Weill Cornell Medicine Celebrates Feil Family Student Center Opening

Gary George just started his third year of medical school at Weill Cornell Medicine, but he’s already constantly on the go. When not in his clinical rotation, he’s meeting up with fellow classmates before setting aside time to get work done outside the hospital. He said he was always frustrated in past years by the lack of space dedicated to study groups, student activities or even a place to just grab a quick bite to eat in between. 

That’s why he was excited to be at the unveiling of the new 16,200-square-foot Feil Family Student Center on campus, an interdisciplinary hub that is now home to small group study rooms, a student activity room, a computer lab, lounges and state-of-the-art instructional spaces. All spaces in the center feature flexible room configurations and enhanced information technology capabilities.

“To have a more available space that’s not a clinical space, that isn’t strictly an academic space where you can find some room to for five or six students to put down their laptops for group study, that is incredibly helpful,” said George, who also received a scholarship from the Feil family.

For George and his classmates, the new center fills a needed void. On Oct. 7, he stood before 81 fellow Weill Cornell Medicine students, faculty and senior leadership for a ribbon-cutting ceremony for the Feil Family Student Center, which occupies renovated first and second floors in the main campus buildings on York Avenue. The state-of-the-art center was made possible by a $12.5 million gift from the Feil Family.

“Students are the heart of this institution,” said Weill Cornell Medicine Vice Chair Overseer Jeffrey Feil. “You see their enthusiasm, you see their yearning to learn. They are so inspiring. The student center is yours to enjoy and we look forward to your bright future.”

Students in the new Feil Family Center

Weill Cornell Medicine students Rinu Alakiu (left), Heba Shaaban (center) and Chimsom Orakwue (right) in the new Feil Family Student Center. Credit: Ashley Jones

The ribbon cutting was the last of a trio of events in the past month dedicated to enhancing student wellness. On Sept. 16, Weill Cornell Medicine announced that it has established a new scholarship program that will eliminate medical education debt for all students who qualify for financial aid. Later that week, Weill Cornell Medicine hosted the inaugural National Conference on Medical Student Mental Health and Well-Being, which highlighted the challenges to well-being in the medical school setting and identified innovative approaches to resilience training and mental health treatment that can be implemented as new best practices at medical schools around the country.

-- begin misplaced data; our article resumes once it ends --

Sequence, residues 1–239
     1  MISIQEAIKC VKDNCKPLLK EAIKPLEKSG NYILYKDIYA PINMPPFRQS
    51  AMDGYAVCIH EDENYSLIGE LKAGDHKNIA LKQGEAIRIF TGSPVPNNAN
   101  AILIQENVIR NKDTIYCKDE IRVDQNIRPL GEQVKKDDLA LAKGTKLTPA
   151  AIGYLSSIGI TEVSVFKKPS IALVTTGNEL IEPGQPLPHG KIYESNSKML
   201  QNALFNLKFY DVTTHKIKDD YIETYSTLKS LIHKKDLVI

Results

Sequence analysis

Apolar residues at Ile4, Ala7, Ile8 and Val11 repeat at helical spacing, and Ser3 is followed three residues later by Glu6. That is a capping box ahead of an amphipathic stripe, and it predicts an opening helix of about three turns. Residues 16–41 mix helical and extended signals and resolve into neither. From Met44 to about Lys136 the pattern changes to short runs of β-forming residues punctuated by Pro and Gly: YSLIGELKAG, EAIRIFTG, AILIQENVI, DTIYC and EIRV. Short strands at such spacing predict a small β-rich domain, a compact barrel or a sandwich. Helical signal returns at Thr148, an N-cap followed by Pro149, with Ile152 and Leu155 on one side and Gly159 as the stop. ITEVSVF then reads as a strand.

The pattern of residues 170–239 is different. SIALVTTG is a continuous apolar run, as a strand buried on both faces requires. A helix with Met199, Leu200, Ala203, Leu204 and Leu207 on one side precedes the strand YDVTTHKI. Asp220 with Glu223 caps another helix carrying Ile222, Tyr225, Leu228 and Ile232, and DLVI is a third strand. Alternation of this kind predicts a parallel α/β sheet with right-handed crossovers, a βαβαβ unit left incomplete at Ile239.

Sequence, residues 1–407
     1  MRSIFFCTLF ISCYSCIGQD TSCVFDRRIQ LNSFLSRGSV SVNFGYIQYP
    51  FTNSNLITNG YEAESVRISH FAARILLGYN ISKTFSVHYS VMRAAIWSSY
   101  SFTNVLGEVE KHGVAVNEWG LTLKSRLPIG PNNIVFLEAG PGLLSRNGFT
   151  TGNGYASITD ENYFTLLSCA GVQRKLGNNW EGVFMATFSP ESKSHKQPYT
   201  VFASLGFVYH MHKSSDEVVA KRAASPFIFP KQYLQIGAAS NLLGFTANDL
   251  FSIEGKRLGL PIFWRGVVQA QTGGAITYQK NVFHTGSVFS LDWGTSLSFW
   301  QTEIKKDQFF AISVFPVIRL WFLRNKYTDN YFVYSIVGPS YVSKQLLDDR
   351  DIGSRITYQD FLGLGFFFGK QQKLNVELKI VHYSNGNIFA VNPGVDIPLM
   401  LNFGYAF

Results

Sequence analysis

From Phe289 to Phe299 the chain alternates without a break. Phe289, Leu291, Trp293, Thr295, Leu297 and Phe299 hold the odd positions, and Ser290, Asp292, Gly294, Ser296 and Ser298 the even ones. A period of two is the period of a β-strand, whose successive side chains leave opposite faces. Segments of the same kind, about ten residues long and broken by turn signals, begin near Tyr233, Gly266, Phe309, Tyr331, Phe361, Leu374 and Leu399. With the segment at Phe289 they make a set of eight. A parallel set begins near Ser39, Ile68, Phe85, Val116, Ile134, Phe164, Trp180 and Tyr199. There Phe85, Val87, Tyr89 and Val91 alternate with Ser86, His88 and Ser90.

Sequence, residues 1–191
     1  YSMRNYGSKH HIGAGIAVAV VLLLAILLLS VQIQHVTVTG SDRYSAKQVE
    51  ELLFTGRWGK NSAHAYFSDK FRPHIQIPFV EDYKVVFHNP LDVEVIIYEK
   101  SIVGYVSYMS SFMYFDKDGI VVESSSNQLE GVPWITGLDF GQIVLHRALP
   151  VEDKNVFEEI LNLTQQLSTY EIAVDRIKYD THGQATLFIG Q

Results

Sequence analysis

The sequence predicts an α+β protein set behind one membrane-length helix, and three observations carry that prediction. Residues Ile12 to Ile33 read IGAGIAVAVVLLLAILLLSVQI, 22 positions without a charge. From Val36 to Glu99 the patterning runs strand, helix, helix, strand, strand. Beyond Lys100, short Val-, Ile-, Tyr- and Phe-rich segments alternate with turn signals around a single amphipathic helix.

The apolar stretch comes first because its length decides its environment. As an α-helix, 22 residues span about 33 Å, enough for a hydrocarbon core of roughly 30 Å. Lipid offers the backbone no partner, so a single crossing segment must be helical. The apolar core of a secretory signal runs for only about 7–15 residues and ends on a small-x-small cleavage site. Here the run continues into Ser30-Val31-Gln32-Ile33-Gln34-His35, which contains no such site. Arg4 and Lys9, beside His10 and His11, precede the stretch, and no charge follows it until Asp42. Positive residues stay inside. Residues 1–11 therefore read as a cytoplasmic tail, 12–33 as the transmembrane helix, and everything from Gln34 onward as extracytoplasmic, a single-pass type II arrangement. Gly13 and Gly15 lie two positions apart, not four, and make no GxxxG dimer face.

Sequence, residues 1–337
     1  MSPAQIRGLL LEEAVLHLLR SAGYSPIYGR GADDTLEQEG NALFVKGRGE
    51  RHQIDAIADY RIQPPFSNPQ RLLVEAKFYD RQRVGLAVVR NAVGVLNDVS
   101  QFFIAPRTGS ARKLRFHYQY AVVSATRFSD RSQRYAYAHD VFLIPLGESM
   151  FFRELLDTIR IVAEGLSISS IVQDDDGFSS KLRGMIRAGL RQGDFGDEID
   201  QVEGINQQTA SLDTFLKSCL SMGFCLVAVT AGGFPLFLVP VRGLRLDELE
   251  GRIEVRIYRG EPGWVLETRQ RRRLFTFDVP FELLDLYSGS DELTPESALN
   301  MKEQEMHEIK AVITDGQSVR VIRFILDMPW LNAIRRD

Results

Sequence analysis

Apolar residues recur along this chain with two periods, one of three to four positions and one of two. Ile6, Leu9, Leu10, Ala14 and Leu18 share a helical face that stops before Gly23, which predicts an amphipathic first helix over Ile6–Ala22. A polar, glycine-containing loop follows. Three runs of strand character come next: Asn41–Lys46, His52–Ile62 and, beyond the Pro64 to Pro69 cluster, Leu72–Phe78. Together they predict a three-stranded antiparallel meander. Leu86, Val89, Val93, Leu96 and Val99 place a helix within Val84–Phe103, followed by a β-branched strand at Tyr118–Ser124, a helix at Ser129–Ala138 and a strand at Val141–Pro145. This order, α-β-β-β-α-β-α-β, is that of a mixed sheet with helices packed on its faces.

The Feil Family Student Center is now a critical cornerstone for Weill Cornell Medicine’s wellness efforts. It also supports the institution’s new medical curriculum, unveiled in fall 2014, which provides students with a hands-on, interactive education that integrates basic science with clinical care, and emphasizes the core principles of professionalism.

“Today’s event cements our approach to enhance the lives of our students by providing them 75 percent more space,” said Dr. Augustine M.K. Choi, the Stephen and Suzanne Weiss Dean of Weill Cornell Medicine. “Space to study, to lounge, to have a cup of coffee and have get-togethers with friends. I can’t thank Jeffrey Feil and the Feil family enough for making this happen.”

Dr. Yoon Kang, the acting senior associate dean for education, said that she knows firsthand how formative -- and demanding -- medical school can be.

“I also realize the positive impact the right learning and living environment can make in helping students get the most out of their time here,” she said. “A great shared space like this one nurtures learning and collaboration. It is also a place where students can relax and unwind, which is so important for their wellbeing and emotional health.”

Marcos Lu Wang, a second-year medical student in the class of 2022, was looking forward to the center’s opening. The ceremony was his first chance to really explore the center, having only seen it under construction over the past year.

“Before, it was sometimes difficult to study with a group, if it was just a quiet area, it was hard to ask questions,” Wang said. “Now we have a space to collaborate more easily.”

For him, the biggest appeal of the center is its ability to foster a sense of community.

“A collaborative study space really brings students together,” Wang said. “You get to mingle more with students from other class years, for instance; I don’t know the class above me or below me as well. Having a dedicated student center where you can relax—we all can get to know each other better.”

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